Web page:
MY DAUGHTER IS FINALLY PREGNANT, so it’s highly likely that a grand-something is in my future. She forgot to ask, but I advised her to have a boy. After many years of shielding major appliances from Mixed Sister Arts battles, I’m pretty sure girls are not the gentler gender. Besides, I have lots of blue bootie yarn still waiting for male toes.
When I shared this wisdom with my neighbor Paul, who was big brother to four terrified sisters—or “targets,” as he liked to call them—he started to choke.
“You have much to learn, Grasshopper,” he whispered solemnly. Then he recalled the glory days of taking his baby sister’s Patty Play Pal doll out with his child-friendly bow—and arrows, which were on fire at the time.
For little girls in 1961, Patty Play Pal was the ultimate life-size companion. She was 3-feet tall with long, shiny hair and a perky polka dot dress. But at $29.95, Patty didn’t come cheap. Fifty years ago, that much cash would put 120 gallons of gas in your Studebaker or 56 dozen eggs in your frying pan. Only the luckiest girls got to claim Patty PP as their BFF.
But Paul’s 4-year-old sister had one. Back in the ’60s, little girls still played with dolls and big brothers still packed plastic weapons. And they specialized in creative ways to use them.
“Dad wouldn’t let me and my brother have BB guns. He thought we’d get into trouble,” Paul said. “And he took away our M-80s after the rug incident.”
The rug incident?
“Yeah. It was raining, so we were setting off fireworks in the living room and torched the Berber,” Paul said calmly. “But we had some extra carpet, so it was just a matter of cutting the bad part out and gluing the new stuff to the floor. Nobody knew until Mom decided to change the carpet. Our patch wouldn’t come up because we used three tubes of Super Glue.”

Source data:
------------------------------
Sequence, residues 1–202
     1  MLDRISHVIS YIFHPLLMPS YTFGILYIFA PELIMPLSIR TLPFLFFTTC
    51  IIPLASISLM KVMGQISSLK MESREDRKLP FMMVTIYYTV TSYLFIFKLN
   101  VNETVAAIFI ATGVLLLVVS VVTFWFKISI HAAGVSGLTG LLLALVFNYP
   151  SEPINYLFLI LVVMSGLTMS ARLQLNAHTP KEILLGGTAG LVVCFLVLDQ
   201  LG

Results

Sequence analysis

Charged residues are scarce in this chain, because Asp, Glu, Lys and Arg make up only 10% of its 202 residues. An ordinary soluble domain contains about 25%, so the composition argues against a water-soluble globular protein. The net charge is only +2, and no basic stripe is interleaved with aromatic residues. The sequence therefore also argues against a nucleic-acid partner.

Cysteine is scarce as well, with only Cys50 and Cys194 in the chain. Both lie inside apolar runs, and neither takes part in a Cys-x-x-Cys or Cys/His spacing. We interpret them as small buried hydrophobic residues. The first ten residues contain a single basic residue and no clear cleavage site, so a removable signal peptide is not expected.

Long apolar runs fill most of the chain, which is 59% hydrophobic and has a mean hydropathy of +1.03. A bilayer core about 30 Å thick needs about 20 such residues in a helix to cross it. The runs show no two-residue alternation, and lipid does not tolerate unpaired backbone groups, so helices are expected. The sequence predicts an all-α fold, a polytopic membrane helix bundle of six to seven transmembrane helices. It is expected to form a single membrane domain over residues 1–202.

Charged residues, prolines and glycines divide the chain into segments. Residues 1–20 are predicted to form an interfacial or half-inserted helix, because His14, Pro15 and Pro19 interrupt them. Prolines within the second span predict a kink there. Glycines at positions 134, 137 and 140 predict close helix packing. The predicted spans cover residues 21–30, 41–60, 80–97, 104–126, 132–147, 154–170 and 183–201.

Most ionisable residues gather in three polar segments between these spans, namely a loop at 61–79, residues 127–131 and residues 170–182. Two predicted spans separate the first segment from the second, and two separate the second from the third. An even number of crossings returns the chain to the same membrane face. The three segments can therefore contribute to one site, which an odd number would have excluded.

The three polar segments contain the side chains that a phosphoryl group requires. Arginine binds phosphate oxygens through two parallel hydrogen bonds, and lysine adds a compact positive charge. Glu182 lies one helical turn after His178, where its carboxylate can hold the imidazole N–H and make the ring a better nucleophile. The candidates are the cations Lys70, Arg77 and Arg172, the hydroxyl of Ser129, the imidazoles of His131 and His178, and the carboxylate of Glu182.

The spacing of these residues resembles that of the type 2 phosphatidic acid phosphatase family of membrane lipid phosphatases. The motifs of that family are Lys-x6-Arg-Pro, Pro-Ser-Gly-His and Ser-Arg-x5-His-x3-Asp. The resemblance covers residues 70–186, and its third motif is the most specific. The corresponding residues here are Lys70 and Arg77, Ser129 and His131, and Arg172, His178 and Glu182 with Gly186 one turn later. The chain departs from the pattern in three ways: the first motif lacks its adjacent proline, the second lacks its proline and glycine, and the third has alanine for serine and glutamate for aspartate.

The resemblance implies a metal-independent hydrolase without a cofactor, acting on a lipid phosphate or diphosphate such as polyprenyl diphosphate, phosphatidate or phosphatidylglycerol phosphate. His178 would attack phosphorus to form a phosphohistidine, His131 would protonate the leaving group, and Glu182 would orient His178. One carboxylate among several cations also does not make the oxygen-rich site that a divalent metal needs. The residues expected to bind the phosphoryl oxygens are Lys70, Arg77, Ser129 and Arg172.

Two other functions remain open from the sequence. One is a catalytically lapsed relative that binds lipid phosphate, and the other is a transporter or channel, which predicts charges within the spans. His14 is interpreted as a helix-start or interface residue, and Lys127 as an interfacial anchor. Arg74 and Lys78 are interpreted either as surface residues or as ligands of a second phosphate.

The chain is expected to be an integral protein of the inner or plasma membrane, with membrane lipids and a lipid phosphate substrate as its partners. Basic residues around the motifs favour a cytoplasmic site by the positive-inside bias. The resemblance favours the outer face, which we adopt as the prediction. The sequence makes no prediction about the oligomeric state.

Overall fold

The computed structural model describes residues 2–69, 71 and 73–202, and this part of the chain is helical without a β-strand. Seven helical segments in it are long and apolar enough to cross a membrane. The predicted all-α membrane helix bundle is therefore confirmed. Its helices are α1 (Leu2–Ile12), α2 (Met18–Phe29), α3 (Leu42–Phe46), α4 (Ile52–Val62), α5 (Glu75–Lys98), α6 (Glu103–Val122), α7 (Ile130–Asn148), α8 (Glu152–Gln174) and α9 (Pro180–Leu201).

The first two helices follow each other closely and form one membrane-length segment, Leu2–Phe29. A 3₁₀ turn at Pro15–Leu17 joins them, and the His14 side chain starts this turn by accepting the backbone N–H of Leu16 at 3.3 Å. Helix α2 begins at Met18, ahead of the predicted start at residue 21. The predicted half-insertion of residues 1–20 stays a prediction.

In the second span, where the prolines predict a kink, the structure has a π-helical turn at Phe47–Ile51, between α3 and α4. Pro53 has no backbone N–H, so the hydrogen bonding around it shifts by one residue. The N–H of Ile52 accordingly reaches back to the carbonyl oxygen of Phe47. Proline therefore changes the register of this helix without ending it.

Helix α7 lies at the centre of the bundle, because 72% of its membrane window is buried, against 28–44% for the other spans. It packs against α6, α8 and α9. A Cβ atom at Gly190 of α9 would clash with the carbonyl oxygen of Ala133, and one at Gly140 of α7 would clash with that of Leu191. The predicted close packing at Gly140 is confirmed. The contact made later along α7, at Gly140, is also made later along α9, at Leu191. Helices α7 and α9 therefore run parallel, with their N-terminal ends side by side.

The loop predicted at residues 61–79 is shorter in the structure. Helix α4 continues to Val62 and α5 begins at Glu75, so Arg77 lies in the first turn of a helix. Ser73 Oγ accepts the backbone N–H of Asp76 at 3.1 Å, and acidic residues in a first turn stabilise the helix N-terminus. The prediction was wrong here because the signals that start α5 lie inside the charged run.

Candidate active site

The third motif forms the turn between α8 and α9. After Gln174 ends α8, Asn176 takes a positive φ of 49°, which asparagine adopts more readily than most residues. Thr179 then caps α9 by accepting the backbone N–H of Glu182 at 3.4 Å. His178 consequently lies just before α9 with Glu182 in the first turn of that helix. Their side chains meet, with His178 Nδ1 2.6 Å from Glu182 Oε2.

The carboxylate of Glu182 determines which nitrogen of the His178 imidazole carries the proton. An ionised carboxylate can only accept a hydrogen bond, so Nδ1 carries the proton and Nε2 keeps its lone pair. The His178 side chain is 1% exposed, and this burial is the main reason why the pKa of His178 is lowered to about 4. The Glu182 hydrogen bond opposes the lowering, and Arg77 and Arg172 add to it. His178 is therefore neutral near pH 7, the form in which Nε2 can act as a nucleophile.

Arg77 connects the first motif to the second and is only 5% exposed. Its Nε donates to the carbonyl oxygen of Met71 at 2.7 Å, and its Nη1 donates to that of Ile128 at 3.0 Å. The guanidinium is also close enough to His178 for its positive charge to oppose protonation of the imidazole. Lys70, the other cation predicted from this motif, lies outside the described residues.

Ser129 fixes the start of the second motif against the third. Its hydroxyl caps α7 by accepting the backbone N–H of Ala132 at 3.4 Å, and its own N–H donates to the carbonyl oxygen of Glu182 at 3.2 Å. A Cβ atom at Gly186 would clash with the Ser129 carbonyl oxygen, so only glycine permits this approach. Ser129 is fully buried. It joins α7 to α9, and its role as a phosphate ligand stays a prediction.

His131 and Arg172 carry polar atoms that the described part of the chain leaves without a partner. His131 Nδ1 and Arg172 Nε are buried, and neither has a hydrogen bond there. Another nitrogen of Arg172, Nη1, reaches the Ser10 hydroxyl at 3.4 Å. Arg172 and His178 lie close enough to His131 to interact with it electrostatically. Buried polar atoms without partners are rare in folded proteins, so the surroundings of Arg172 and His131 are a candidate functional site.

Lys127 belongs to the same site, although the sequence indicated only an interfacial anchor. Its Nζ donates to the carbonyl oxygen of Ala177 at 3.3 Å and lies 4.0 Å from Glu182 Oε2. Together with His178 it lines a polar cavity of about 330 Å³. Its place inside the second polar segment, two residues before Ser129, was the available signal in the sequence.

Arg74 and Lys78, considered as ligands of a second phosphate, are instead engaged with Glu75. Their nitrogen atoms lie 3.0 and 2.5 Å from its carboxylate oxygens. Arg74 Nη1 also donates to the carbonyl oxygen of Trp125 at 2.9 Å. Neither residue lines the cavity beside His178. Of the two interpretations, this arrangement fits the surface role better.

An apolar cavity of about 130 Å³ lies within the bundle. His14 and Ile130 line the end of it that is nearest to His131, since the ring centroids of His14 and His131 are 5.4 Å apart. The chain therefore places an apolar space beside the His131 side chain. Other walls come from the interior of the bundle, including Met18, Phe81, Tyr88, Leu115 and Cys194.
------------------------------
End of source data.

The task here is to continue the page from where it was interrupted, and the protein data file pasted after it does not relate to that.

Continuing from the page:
Clearly, Patty PP was up against some powerful enemies. Even when your older brothers surrender their explosives, arson remains a concern.
“Patty Play Pal had it coming. I never trusted her,” said Paul, who recognized an enemy combatant whenever his sister got one for Christmas. “She was impervious to piercing projectiles. Even full of arrows, her expression didn’t change.”
With Patty wounded, Paul’s sisters retreated to the straw hut that was a nativity scene until January, when it became the family fort.
“We never got the arrows to stay lit until that one flamer hit the hut when my sisters were in it,” Paul said. “They never went more than 10 feet before that.”
Until this conversation, I knew Paul as the gentle, relatively normal, grandfather of nine. But he used to be a boy—like the one I’m wishing on my daughter. Sure, my girls turned over a refrigerator here and there, but they never set fire to real estate or attacked a manger.
Hopefully, there’s still time to change my order. I already gave all my blue yarn to Paul, in case he gets a sudden urge to incinerate something.
JAN A. IGOE is a writer from Horry County, eagerly awaiting her Official Grandmother card. All advice from professional grandparents is welcome. Reach Jan at HumorMe@SCLiving.coop.